Saturday, May 11, 2013


Here’s where you might be at by now.
You have a first draft and a lot of questions.
You have a lot of scenarios and a lot of unresolved conflict. You have a lot of ‘rough edges’.
At least I hope you do.
I’m going to describe this in music terms. To me, words are a bit like music. The best music is a lot of notes sequenced in a certain way that makes sense to the composer. They are played by the musician.
You are the writer of your novel.
Until your draft heads to the editors and copy editors (if you've worked hard and you're lucky) you are both composer and musician.
You decide what to play and how to play it.
Sentences are like a lot of notes strung together. They might sound terrible, or, after a lot of practice, they might sound beautiful.
To you, they might be something different altogether to music but this is my take on it all.
Rough Draft Exhibit A:
One of the first pages of what became “Pride & Princesses” (I say ‘one’ because there is an earlier draft) but you get the idea…
Chapter 1
    The day Mark Knightly transferred to Sunrise High from some snooty boarding school in England was the day Mouche and I began the Boy-Rating Diaries. They weren’t written in the traditional manner although they started that way. We wrote our thoughts on pink notepaper and used a feathered pen popular with countless teenage girls from previous generations. Suddenly, the secret diary became a blog that ended up as a how-to-guide to dating within the hallowed halls of our Performing Arts School. We went from social wallflowers to social winners in under a month all because our fantasy men walked the halls one surprising day in September and stopped to ask my best friend Mouche directions to  home room. ‘And not a minute too soon,’ Mouche noted, ‘I was beginning to think high school could only be fun in movies.’
    It was our junior year and from the instant we took Mark’s photo, blogged and tagged him, the meanest girls in school, Teegan, Freya, Brooke and Tory (the Princesses), sat up and started to take notice of all the great advice we shared about boys in our weekly column, The Sunrise High Newsfest. Of course, Mouche (pronounced in the French way – Moosh) never really planned to let love into the picture but that was before Mark Knightly entered our world and we hit on the idea of dating twelve different boys, one for each month.
    Mark was the first month, his friend Jet the next. Thoughts of them filled our every waking moment but that’s not what I’m meant to say and certainly not how it seemed to others at the time. Neither Mouche nor I realized that the start of the new school year would result in us both scribbling ‘I heart Mark’ and ‘I heart Jet’ in the spaces of our play scripts. But I digress…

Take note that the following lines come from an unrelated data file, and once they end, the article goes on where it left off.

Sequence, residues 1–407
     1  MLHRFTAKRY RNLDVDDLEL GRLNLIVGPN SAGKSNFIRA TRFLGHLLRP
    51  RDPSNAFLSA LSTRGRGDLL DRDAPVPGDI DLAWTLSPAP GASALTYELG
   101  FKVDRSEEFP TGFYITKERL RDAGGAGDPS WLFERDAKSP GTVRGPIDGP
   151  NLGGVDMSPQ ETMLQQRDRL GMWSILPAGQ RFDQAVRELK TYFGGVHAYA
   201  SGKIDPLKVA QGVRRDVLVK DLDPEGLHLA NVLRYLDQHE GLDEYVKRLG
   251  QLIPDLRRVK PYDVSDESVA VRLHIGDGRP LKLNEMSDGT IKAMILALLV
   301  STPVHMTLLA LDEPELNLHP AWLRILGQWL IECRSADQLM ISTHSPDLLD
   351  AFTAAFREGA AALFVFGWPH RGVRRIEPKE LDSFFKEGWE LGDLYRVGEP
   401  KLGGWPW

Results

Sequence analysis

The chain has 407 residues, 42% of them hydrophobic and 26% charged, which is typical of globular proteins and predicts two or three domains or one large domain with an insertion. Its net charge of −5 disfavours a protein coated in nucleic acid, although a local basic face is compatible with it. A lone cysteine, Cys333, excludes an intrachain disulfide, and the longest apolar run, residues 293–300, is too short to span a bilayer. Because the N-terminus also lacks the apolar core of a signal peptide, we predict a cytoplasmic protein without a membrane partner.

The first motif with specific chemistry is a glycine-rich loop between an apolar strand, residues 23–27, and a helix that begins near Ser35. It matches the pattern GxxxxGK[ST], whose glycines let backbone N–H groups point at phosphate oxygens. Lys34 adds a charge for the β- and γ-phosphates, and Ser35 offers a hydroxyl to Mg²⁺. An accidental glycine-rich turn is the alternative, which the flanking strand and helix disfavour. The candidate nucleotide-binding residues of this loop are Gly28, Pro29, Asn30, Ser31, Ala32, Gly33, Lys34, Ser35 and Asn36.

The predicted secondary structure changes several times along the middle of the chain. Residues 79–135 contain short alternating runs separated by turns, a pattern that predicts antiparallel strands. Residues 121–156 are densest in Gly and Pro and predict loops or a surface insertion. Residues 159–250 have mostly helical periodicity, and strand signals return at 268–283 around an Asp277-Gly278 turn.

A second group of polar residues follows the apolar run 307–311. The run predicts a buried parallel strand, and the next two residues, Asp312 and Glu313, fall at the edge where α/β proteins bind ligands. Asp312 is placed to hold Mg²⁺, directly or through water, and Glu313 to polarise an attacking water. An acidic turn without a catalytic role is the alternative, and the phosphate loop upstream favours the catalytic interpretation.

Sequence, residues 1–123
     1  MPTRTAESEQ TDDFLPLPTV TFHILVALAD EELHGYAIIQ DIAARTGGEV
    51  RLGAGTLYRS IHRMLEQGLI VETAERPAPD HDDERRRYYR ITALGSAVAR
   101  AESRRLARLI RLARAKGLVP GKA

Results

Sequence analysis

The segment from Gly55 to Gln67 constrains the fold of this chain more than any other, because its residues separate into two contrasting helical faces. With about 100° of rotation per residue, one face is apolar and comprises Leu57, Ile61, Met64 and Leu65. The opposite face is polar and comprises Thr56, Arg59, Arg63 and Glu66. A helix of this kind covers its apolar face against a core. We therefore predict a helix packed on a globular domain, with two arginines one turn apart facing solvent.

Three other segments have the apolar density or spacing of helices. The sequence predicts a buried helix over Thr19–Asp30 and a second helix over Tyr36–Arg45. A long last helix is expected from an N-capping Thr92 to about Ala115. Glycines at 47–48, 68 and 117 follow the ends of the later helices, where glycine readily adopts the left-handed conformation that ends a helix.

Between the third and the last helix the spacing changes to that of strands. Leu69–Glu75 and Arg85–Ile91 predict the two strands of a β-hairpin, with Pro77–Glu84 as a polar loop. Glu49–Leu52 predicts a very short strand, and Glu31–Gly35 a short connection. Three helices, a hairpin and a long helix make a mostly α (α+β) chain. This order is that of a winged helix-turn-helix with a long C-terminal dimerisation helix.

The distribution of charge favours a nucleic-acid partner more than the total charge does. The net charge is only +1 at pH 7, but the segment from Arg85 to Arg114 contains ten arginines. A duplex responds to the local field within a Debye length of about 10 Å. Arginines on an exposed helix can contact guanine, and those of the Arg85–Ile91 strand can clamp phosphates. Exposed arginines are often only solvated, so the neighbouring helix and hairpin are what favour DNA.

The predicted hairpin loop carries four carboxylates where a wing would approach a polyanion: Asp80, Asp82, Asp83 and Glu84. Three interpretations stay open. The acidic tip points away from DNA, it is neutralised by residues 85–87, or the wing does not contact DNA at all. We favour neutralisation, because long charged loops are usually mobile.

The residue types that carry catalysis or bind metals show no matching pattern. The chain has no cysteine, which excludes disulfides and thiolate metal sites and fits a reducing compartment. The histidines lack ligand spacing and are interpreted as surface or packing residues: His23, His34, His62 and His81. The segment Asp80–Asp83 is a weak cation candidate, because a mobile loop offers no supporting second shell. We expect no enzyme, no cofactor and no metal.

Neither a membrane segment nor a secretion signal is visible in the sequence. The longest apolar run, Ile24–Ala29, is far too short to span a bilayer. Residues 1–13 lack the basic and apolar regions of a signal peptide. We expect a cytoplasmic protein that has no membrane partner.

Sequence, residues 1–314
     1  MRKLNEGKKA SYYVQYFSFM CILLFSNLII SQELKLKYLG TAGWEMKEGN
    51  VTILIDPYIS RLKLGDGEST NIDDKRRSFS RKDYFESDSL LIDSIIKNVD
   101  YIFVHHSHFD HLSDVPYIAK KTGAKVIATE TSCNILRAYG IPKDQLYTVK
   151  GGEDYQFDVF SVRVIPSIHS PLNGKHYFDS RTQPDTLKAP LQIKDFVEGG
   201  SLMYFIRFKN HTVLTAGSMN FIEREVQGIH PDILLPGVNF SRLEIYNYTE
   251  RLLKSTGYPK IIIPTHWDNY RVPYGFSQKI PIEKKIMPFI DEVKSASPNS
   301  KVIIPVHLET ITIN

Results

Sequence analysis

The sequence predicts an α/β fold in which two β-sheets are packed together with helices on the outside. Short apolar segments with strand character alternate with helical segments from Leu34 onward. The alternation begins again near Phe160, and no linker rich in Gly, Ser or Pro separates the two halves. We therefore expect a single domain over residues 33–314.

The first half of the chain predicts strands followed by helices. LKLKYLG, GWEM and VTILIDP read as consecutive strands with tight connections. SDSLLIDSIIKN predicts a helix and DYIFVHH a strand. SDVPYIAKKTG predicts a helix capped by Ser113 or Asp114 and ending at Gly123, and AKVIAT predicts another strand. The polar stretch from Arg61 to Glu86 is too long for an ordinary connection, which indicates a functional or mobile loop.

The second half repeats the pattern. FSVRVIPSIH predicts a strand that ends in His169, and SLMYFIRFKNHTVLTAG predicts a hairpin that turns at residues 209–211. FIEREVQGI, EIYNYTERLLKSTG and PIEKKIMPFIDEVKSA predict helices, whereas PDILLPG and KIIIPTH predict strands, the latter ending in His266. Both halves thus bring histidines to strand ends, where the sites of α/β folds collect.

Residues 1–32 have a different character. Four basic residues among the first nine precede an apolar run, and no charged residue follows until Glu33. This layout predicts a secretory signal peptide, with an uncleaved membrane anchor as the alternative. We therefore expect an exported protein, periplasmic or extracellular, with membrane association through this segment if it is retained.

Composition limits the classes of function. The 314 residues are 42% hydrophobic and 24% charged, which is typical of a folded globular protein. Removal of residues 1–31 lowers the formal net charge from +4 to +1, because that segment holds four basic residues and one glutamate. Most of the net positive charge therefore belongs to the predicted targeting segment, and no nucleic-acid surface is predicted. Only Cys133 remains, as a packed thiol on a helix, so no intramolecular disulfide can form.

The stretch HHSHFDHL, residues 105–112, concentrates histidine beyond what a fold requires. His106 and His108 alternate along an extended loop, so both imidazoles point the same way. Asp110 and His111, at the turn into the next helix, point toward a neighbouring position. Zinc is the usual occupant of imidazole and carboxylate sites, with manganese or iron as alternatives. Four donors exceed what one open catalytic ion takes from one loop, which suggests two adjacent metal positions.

If you are reading this, you’ll notice I made many changes between this and the page I eventually published:
Chapter 1
    The first time I saw Mark Knightly, my world changed forever.
    That morning began almost like any other. Eyes closed, under a cloud of dark hair, I tried to avoid waking up. I had trained myself to sleep through almost any noise, including the sound of the builders constructing a new house, across the road from my own.  But when the jackhammer rang out for the third time, my best friend, Mouche (pronounced Moosh), screamed. She was curled up in a cashmere blanket on the faux chaise lounge in the corner of my bedroom catching up on her beauty sleep.
     ‘Enough already...’ she said theatrically, throwing her pillow at me as a sliver of light streamed through the open curtains. ‘Another bright and shiny Los Angeles day,’ Mouche added as she flipped off the couch and flicked her blonde highlights off her face. Mouche rubbed her eyes and glanced at the framed photograph of the Statue of Liberty. She gave it to me for luck, for my birthday and because Mouche and I have wanted to live in New York City for as long as I could remember.
      ‘Never give up on the dream, Phoebe,’ Mouche said when she presented the picture to me, ‘New York is a great place to be a triple threat whereas Los Angeles is all about the movies, darling.’
      I glanced at the shifting sky and wondered how Mouche managed to look like a movie star at 8am. I threw the pillow right back at her…
    ‘You have glitter face, Mouche.’ I said as I stretched my legs, ‘and I’m running late. My mom’s plane arrives at the airport in...exactly eight minutes...I promised we’d pick her up. C’mon, we’ve got to be need to get dressed.’

Practise those sentences of your draft as you would the piano.
All those words need some cohesion.
There is no easy way to do this.
You need to spend a lot of time and effort, refining your novel – word by word, sentence by sentence.
Let me repeat - there is no easy way to write your own novel, from scratch.
I wish there was, but there isn’t.
You are either born brilliant or you have to practise. I definitely have to practise…